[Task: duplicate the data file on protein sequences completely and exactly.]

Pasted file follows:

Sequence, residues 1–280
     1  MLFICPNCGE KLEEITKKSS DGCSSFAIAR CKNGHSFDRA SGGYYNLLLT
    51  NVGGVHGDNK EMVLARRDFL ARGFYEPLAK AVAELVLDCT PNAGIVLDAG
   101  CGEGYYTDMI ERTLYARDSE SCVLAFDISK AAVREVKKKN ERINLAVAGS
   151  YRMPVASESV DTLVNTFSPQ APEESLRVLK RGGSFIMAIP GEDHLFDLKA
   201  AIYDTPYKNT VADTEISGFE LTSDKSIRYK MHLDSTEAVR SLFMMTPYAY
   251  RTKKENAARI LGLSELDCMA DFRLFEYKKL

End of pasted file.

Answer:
Sequence, residues 1–280
     1  MLFICPNCGE KLEEITKKSS DGCSSFAIAR CKNGHSFDRA SGGYYNLLLT
    51  NVGGVHGDNK EMVLARRDFL ARGFYEPLAK AVAELVLDCT PNAGIVLDAG
   101  CGEGYYTDMI ERTLYARDSE SCVLAFDISK AAVREVKKKN ERINLAVAGS
   151  YRMPVASESV DTLVNTFSPQ APEESLRVLK RGGSFIMAIP GEDHLFDLKA
   201  AIYDTPYKNT VADTEISGFE LTSDKSIRYK MHLDSTEAVR SLFMMTPYAY
   251  RTKKENAARI LGLSELDCMA DFRLFEYKKL